At most of today’s commercial retail stations, the price of hydrogen charged to the consumer is roughly $16/gge and most of this cost is due to delivery, bulk storage, compression, and dispensing. The average footprint of today’s liquid fuel stations is estimated at 18,000 square feet, and energy consumption is, on average, 7 kWh/kg for a representative station dispensing about 500 kg/month.
2b) Electrolyzer Manufacturing R&D: R&D to enable manufacturing techniques to reduce electrolyzer capital costs. FCTO seeks applications on R&D of manufacturing techniques to produce advanced components for multi-MW scale electrolyzers at high production volume.
One of the critical challenges facing the widespread deployment of electrolyzers is their cost; the manufacture of the components needed for these systems occurs at low production volumes, which leads to a high cost of the constituent processing steps.
2c) Breakthrough Infrastructure R&D: materials and component R&D to reduce cost and station footprint. Hydrogen fueling infrastructure for light duty vehicles is still in the early stages of growth, with fewer than 35 retail FCEV fueling stations currently open in California, and plans for expansion of development into the Northeast. Most stations currently receive hydrogen from centralized production facilities via gaseous tube trailers or liquid tankers. Ultimately, regardless of fueling pathway, a range of station capacities will be required to accommodate the hydrogen fueling demands of individual locations and regions throughout the country.
FCTO seeks applications for breakthrough innovations in hydrogen fueling materials and components that can reduce cost and footprint, and improve durability while ensuring the safety of hydrogen fueling infrastructure.
Topic 3: Innovative Concepts. This topic supports applied early-stage research and development of fuel cell technologies for transportation, stationary, and early market applications, with a primary focus on reducing cost and improving durability. While the main focal points of the program’s R&D portfolio are polymer electrolyte membrane fuel cells and platinum-based catalysts, the program also supports longer-term technical approaches that offer advantages over PEMFCs.
3a) Innovative Fuel Cell Membrane R&D: non-polyfluorosulfonic acid and high temperature membrane types to address critical barriers and increase performance and durability while meeting cost targets.
Although PEM membranes are available commercially, the fluorocarbon nature of the polyfluorosulfonic acid (PFSA) polymers used to make these membranes increases cost. In addition, PFSA membranes restrict the fuel cell to low temperature operation, which in turn can drive up system costs by requiring larger cooling systems, humidification, and stricter fuel purity requirements than higher temperature systems. The acidic environment and low operation temperature also limit the choice of catalyst to those that are stable and active in the fuel cell, resulting in the use of expensive Pt and Pt alloy catalysts.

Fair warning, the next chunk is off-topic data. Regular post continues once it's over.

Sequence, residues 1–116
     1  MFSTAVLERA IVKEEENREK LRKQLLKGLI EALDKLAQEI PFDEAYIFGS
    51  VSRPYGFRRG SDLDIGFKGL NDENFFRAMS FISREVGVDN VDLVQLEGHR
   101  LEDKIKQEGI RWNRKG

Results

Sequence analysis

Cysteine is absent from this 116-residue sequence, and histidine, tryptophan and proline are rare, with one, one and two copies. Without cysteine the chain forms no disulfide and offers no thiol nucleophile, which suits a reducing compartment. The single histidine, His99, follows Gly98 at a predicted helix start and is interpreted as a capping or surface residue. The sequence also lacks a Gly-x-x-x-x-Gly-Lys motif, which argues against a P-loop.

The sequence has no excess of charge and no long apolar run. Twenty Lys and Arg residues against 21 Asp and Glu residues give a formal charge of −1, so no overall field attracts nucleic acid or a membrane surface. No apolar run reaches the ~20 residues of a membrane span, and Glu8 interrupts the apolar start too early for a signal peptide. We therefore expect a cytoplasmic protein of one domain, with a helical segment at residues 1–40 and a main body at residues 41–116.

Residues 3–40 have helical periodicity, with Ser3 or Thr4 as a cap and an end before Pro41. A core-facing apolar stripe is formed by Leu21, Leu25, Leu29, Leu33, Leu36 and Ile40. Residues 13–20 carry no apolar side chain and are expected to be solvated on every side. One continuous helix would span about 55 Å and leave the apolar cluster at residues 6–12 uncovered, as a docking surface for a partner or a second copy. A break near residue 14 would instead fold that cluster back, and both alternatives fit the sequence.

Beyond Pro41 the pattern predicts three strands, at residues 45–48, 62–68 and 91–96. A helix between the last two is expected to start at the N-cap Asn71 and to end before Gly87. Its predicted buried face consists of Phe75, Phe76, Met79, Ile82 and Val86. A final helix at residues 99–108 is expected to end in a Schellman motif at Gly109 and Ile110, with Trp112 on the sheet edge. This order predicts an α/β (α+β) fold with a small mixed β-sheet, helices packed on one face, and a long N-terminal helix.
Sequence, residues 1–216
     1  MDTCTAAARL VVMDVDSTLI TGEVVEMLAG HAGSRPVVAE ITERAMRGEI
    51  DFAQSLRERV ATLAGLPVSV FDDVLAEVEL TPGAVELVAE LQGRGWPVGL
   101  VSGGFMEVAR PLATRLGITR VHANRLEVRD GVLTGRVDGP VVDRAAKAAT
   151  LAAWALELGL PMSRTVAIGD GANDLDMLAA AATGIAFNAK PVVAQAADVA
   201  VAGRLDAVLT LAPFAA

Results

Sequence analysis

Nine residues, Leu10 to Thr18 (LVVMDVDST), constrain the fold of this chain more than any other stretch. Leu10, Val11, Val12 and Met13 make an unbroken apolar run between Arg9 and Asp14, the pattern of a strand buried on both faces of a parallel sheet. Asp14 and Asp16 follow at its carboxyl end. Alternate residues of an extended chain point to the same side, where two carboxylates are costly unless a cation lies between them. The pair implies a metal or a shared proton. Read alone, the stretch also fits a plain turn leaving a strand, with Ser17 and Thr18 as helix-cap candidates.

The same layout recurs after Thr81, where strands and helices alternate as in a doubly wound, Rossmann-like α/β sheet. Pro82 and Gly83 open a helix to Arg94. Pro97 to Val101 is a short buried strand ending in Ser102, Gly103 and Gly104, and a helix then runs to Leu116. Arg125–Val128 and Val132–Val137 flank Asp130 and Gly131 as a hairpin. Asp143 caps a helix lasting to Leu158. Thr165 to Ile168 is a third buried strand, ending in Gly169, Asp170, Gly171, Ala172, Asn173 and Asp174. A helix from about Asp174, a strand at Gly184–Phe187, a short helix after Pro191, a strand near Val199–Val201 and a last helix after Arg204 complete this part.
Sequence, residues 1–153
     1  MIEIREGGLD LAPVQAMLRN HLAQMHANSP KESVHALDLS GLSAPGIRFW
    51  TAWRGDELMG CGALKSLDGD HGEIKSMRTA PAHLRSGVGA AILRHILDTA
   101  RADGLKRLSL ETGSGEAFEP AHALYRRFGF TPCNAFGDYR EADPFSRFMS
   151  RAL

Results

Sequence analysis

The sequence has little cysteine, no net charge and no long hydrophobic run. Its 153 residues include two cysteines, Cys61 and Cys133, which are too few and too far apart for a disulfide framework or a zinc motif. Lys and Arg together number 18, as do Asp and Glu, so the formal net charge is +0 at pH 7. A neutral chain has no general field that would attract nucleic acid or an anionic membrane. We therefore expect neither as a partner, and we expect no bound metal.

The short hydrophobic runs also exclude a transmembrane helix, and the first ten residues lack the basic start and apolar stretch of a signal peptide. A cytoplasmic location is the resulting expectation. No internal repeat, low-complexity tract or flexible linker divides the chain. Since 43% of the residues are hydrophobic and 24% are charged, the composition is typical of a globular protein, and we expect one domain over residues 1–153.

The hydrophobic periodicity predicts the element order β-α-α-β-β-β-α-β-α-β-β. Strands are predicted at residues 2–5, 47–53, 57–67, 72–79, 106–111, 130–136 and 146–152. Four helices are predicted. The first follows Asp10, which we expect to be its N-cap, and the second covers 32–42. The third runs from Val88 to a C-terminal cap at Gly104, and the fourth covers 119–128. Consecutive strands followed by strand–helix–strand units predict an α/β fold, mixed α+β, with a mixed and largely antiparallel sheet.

FCTO seeks applications for innovations in fuel cell membrane technology that address critical barriers to increased performance and durability in one or more types of fuel cells.
Areas of interest in this subtopic include: 1) innovative alkaline exchange membranes (AEMs); 2) membranes that enable higher operating temperatures (150-400 °C) to allow for the use of lower purity fuel, the simplification or removal of BOP components, and/or potential direct use of biofuels and other liquid fuels; 3) the development of novel low-cost PEM membranes (non-PFSA) that can meet or exceed the technical targets set forth in the MYRD&D Plan59 while significantly reducing membrane cost; and 4) the development of novel ionomers that significantly improve high-current density fuel cell operation by addressing mass transport limitations while reducing ionomer cost.
3b) Innovative Reversible and Liquid Fuel Cell Component R&D: innovative concepts for reversible fuel cells or direct liquid fuel cells.
To increase the availability of flexible options for resilient stationary power and fuel cell-based energy storage, FCTO seeks applications for early stage R&D of innovative components for direct liquid fuel cells (DLFCs) and/or unitized reversible fuel cells (URFCs).
The global fuel cell market increased its growth 40% in 2016, with revenues of more than $1.6 billion in 2016 and more than 20,000 fuel cell units for material handling equipment purchased in the US alone since 2009.
Light duty vehicles are an emerging application for fuel cells that has earned substantial commercial and government interest worldwide due to the superior efficiencies, reductions in petroleum consumption, and reductions in criteria pollutants fuel cells make possible.